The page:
Don’t You Want To Feel Better?

“Don’t you want to feel better?”

Our middle son has a flare for the dramatic. He will undoubtedly be a phenomenal actor or a tremendous athlete that can draw a foul with a performance rivaled with Daniel Day-Lewis. Some of his best dramatic roles happen when he is under the weather, typified by a runny nose and a slight cough. Nothing troublesome, but he doesn’t handle discomfort well. At the beginning of his cold, he is more than a little reluctant to blow his nose and take some natural cough suppressants. However, the sicker he gets, the more disagreeable he becomes. It is as though any type of relief we could provide is worse than his present circumstance, and so he revolts and repels our attempts to offer help. A while ago, we discovered a fantastic invention, a lollipop made to soothe the throat when the coughing becomes unbearable. They are made with all-natural honey, vitamin C, and a little pectin to help break up the bad stuff. Here’s our thought: it looks like a sucker (which kids love); it is good for him and will help him feel better. However, when he is at his sickest, he will not even attempt to utilize the sucker. He will refuse even to open his mouth… and as a parent trying to do their best at 2 AM, it is possibly the most infuriating action ever. When he begins acting like this, I ask, “Don’t you want to feel better?” And I know that it will help, but he can’t imagine how this little lollipop will help in his pain and suffering, so he refuses it and grits his teeth.     

Two passages come to mind when this happens. Both happen during Jesus’ ministry and come from the Master teacher. 

John 5:5-8 
“Now a man was there who had been ill for thirty-eight years. 6 Jesus, upon seeing this man lying [there] and knowing that he had already been [in that condition] for a long time, said to him, “Do you want to get well?” 7 The sick man answered Him, “Sir, I have no man to put me into the pool when the water is stirred up, but while I am coming, another steps down before me.” 8 Jesus said to him, “Get up, pick up your pallet and walk.”

In this narrative, we see Jesus purposely single out this man. A man that has been infirm and paralyzed for 38 years. I can only imagine how difficult of an existence this would have been. It would be difficult today, but it would have been an unfortunate reality in the first century Judea. Jesus knows the man’s story, and his misery asks him literally, “Do you want to be made whole?” What a tremendous question for us all to answer. Do we want to be complete or restored? The man responds in a nonspiritual fashion on why it would be impossible for him to be made well. However, it is evident by his answer that he does wish to be whole again, but he sees no possibility for it to happen. And so, with a simple phrase, Jesus heals and restores the invalid. He sent him on his way.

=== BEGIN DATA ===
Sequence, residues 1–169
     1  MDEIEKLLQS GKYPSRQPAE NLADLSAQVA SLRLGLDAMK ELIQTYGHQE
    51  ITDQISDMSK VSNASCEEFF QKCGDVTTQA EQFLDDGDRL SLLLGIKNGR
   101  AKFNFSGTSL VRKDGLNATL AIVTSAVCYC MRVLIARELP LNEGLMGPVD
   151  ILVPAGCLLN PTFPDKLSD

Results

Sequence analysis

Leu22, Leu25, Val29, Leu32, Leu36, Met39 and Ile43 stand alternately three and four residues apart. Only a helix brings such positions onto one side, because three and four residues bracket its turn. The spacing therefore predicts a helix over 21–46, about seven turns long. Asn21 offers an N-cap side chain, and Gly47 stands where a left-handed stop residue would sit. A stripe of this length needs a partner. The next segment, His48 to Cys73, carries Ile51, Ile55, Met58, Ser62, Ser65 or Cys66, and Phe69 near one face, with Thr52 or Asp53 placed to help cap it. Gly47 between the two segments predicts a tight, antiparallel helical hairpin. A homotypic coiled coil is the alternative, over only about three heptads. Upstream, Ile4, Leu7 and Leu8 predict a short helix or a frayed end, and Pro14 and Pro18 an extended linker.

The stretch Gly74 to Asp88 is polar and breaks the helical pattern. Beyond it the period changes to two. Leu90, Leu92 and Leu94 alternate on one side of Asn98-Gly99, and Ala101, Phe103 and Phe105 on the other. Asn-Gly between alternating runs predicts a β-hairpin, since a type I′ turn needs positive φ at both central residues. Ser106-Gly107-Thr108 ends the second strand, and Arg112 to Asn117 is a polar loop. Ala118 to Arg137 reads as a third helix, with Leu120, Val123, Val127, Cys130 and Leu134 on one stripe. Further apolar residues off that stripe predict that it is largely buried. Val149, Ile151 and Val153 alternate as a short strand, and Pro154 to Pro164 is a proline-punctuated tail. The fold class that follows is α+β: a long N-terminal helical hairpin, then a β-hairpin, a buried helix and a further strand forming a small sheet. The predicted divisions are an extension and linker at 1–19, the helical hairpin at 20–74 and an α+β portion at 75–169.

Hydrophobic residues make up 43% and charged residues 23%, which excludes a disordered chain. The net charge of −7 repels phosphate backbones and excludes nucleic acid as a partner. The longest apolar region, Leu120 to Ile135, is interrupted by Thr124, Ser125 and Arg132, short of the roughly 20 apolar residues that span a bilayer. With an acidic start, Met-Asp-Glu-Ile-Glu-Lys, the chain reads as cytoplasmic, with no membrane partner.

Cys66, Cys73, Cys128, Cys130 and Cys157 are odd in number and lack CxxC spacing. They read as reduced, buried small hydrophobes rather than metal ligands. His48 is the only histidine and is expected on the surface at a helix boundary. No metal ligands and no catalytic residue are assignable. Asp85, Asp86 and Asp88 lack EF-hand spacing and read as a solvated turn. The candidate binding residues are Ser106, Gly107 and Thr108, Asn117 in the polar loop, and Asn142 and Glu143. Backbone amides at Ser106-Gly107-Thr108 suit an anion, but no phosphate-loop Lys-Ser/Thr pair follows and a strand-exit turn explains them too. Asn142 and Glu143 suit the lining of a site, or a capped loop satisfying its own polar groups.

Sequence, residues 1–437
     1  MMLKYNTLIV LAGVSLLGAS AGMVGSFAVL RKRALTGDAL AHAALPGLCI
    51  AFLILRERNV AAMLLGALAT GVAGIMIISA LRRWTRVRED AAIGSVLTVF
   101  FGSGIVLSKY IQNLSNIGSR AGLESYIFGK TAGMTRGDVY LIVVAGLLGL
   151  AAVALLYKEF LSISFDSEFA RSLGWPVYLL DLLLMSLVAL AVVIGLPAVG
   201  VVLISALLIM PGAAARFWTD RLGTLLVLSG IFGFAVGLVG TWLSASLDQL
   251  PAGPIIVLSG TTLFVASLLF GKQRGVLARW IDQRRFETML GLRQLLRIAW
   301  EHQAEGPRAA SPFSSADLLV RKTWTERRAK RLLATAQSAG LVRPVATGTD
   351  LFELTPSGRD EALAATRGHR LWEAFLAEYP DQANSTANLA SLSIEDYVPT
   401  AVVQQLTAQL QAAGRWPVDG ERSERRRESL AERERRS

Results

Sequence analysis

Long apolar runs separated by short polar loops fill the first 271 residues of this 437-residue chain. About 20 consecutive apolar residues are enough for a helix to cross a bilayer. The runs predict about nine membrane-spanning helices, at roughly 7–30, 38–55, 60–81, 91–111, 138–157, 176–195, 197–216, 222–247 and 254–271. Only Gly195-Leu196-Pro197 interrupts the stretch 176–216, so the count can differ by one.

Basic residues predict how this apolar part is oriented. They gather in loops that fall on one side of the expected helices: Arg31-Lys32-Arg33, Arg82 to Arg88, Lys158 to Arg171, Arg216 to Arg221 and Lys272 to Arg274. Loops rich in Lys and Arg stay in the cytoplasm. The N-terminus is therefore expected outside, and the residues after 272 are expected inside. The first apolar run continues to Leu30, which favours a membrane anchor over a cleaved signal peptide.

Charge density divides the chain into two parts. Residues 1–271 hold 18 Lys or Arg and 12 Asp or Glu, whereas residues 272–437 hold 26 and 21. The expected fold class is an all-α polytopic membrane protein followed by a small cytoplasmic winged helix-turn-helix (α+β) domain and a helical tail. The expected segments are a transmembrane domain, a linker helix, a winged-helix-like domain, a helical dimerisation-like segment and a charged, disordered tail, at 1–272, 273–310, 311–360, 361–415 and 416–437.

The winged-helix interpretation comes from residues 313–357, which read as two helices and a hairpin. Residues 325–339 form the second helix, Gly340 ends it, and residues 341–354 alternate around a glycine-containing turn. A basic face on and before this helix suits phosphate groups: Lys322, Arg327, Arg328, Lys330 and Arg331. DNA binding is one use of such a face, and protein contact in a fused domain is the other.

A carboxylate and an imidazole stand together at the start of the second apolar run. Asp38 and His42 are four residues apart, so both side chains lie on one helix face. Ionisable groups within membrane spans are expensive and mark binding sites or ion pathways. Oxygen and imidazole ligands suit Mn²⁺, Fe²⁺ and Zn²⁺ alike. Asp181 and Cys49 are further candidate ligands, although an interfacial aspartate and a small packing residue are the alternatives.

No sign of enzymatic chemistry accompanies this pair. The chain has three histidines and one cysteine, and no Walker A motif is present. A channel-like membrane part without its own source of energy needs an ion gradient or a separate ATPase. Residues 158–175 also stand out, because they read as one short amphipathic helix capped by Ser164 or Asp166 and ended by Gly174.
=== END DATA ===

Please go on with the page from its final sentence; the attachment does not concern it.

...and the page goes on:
Some people in the world want to be made well. They are tired of the incompleteness they feel. They are wearied from the drudgery of trying to heal themselves. They have exhausted all possibilities and have no relief. When we encounter these individuals, we must ask the question, “Do you want to get well?” And when they want to know more, we show them our Savior. 

However, there is another type of person that exists in the world. They are the kind that knows there is a possibility of being healed, but they don’t want any sort of discomfort in the process. Therefore, regardless of the treatment’s benefits, any change or transformation is deemed painful, grit their teeth, and avoid being made whole. Jesus describes these people as swine, content to live in the mud, and will defend their mess tooth and nail. 

Matthew 7:6 “Do not give what is holy to dogs, and do not throw your pearls before pigs, or they will trample them under their feet, and turn and tear you to pieces.”

The tricky part is knowing which type of people we are dealing with when we ask the question. First, however, we must always ask the question, “Do want to be made well?” Like a parent, we continue to offer the soothing lollipop. When we offer our Savior a salve for their souls, they might turn and gore us, but we still provide the medicine. We know that Jesus is the only thing that will satisfy and restore, so we must share, but there is always the reality that someone does not want to be made well. That doesn’t prohibit us from asking, but it provides answers when someone refuses the help of the Great Physician.  

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